Everything about the gleaming, $442 million Horseshoe Casino Baltimore, which is celebrating its one-year anniversary, seems outsized — including the expectations.
The Caesars property — with its 122,000-square-foot gambling floor, two-story video wall, outdoor terraces and restaurant marketplace — opened Aug. 26, 2014, with Las Vegas-style fanfare and high hopes for generating revenue and creating large numbers of jobs in the city.
A year later, Mayor Stephanie Rawlings-Blake hails the casino as a significant economic partner that will anchor the extension of the city's Inner Harbor tourism district past the Orioles and Ravens stadiums and into South Baltimore.
But Horseshoe, which some residents feared could be a magnet for increased crime and traffic, also appears to be handicapped by those early apprehensions and expectations as well as continuing concerns about the city's safety.
A pair of state-funded consulting firms projected in 2013 that its revenues would easily surpass $30 million a month in its first year, but it's averaged about $23 million instead.
"So many individuals have focused on these analysts' projections," said Chad Barnhill, Horseshoe's general manager.
He said the analysts could not accurately forecast economic and market conditions so long before the casino opened. Anytime experts try to forecast in advance, he said, "there are items that come up."
"Obviously we feel like there's still significant growth ahead of us," Barnhill said. "The ramp-up for new businesses sometimes takes a while."
But the disparity between forecasts and reality has meant significantly less money than anticipated for the state's Education Trust Fund and for community enhancement projects in neighborhoods near the casino.
"It's clear that it is below the estimates provided," said state Sen. Bill Ferguson, who chairs the Baltimore Casino Local Development Council, which advises the city on how best to use the funds derived from casino revenue.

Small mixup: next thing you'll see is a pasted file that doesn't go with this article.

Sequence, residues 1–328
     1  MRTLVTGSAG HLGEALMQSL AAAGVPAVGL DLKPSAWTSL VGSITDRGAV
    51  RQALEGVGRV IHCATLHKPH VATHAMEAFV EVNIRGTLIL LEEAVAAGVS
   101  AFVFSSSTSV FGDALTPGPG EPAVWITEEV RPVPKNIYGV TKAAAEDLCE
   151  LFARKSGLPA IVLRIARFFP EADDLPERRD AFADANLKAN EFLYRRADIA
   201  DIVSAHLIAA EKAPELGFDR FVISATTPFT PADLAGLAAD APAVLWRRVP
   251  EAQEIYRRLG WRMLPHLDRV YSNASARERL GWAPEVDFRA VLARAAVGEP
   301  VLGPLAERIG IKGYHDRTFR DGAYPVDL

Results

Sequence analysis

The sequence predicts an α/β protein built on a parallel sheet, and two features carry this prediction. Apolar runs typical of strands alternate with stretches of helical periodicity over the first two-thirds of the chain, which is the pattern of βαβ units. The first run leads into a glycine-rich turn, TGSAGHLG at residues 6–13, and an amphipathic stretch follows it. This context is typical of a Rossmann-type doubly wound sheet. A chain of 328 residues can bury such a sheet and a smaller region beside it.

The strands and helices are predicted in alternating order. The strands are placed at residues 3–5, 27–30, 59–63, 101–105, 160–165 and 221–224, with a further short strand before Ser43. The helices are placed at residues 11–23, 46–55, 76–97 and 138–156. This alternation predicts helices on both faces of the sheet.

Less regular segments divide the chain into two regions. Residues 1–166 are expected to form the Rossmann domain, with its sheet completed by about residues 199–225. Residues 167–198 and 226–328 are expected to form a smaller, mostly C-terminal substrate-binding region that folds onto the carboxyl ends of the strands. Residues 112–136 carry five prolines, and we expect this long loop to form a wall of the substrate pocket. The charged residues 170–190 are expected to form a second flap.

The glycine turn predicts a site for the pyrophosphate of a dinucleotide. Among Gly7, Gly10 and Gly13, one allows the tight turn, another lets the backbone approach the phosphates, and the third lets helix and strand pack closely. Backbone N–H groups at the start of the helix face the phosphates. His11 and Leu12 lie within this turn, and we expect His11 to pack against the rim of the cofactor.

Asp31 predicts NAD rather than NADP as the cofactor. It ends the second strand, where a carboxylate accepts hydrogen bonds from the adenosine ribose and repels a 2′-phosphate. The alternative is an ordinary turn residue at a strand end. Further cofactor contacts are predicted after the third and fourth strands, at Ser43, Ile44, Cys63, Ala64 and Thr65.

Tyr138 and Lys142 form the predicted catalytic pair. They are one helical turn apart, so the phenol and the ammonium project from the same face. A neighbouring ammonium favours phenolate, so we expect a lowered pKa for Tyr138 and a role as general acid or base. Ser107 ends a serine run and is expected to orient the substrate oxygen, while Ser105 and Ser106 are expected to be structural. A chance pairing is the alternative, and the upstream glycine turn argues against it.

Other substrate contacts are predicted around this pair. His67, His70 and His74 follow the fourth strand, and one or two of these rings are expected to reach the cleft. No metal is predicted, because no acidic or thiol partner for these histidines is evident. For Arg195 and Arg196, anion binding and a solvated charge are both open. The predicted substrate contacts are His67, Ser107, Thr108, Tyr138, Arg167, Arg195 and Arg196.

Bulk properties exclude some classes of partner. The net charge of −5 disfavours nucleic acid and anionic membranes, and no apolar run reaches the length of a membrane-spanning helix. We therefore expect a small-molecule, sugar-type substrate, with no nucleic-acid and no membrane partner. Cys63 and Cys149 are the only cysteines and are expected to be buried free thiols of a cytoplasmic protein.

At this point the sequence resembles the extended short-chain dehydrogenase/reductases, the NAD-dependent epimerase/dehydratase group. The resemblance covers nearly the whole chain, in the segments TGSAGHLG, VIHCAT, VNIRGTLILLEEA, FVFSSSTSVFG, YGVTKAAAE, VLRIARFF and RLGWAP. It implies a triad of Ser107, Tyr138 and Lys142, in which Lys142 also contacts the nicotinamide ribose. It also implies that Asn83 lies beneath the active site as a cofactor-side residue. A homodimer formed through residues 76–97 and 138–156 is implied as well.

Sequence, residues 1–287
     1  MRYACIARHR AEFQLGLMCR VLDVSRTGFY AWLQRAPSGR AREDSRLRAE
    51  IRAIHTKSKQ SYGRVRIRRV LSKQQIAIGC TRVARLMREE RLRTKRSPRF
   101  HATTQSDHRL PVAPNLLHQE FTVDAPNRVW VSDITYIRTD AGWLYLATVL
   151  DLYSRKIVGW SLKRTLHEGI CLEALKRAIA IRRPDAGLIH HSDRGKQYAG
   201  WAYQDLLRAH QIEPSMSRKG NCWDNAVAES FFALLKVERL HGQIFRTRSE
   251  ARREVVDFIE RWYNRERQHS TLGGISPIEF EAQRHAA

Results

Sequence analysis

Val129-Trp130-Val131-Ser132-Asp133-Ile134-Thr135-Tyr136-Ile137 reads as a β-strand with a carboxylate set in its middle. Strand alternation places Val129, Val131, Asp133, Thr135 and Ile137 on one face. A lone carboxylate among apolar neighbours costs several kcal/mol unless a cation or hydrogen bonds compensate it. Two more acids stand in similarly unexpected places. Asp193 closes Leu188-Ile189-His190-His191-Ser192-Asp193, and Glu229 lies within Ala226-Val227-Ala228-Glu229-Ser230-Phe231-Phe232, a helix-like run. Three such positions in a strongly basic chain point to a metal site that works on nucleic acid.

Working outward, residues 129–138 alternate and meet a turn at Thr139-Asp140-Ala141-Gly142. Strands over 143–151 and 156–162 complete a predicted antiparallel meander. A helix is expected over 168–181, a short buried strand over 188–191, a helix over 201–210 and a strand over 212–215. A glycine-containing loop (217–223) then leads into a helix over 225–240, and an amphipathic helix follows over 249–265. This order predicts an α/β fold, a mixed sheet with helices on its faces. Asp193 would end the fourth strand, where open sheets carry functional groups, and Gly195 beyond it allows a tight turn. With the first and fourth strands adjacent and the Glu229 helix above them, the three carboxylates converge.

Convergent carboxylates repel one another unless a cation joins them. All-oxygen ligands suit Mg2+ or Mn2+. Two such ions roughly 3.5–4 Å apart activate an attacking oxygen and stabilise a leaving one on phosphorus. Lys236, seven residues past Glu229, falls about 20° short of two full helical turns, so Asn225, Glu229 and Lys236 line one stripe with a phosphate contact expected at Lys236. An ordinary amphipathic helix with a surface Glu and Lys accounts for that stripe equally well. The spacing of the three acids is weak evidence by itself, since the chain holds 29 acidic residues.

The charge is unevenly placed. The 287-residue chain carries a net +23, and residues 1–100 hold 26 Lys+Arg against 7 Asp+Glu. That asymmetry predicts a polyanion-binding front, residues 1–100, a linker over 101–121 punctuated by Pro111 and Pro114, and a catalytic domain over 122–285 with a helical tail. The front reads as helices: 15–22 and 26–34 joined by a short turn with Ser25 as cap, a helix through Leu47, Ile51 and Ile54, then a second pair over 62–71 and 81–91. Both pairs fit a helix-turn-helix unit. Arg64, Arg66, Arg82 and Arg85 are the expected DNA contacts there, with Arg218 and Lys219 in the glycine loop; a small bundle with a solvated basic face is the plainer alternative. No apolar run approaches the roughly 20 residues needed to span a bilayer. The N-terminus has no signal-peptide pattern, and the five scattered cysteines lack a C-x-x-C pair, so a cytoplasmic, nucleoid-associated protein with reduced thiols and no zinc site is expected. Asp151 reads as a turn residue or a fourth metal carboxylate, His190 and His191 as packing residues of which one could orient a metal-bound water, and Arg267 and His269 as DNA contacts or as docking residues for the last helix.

Ferguson said the casino's revenues still have funded important projects, such as a just-opened employment center in the industrial Carroll-Camden area where it's located.
Under state law, 5.5 percent of slots profits must go to "community impact grants" near the casino for projects such as streets improvements, summer learning programs for young children and additional law enforcement. City and community leaders had expected $7 million to $10 million for such projects in nearby neighborhoods such as Westport and Pigtown during the last fiscal year.
Instead, only $5.9 million was made available.
The funding gap has squeezed some initiatives, contributing to the city's decision this year to "pause" the mayor's commitment to cut property taxes by 20 cents by 2020.
Still, the city says Horseshoe has created 1,100 jobs for city residents among 1,815 overall.
The January bankruptcy filing by the division of Caesars Entertainment Corp. that operates the casino hasn't affected its performance, Horseshoe officials said.
A recent economic impact study commissioned by the casino from Sage Policy Group found it generated nearly $384 million in commerce in Baltimore in its first 11-plus months. It said it paid more than $120 million in city and state taxes.
Horseshoe provides tax revenues "that Baltimore City otherwise would not have had, and is a significant creator of jobs for city residents," said Howard Libit, a spokesman for Rawlings-Blake. "That means payroll taxes. The casino has also been a driver of tourism and visitors to our city."
But the promise of jobs and taxes didn't quell residents' worries about opening a casino with the city's only round-the-clock liquor license.
Before it opened, a survey conducted by the Maryland Center of Excellence on Problem Gambling found that 63 percent of the area's residents expressed concern about increased crime, 63 percent said they worried about drunken driving and 55 percent feared traffic problems. The center, part of the University of Maryland School of Medicine, surveyed 1,100 people.